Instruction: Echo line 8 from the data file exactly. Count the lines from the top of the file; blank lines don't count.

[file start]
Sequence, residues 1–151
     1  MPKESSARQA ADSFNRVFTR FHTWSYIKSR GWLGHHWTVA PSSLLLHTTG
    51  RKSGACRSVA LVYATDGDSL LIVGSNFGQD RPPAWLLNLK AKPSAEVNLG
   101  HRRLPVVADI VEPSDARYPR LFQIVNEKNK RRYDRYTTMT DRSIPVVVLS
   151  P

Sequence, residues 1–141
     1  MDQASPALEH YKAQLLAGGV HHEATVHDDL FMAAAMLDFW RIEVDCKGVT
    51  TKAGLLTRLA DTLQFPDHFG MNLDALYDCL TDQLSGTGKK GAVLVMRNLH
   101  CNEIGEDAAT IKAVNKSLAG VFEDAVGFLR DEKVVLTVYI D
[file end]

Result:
    51  TKAGLLTRLA DTLQFPDHFG MNLDALYDCL TDQLSGTGKK GAVLVMRNLH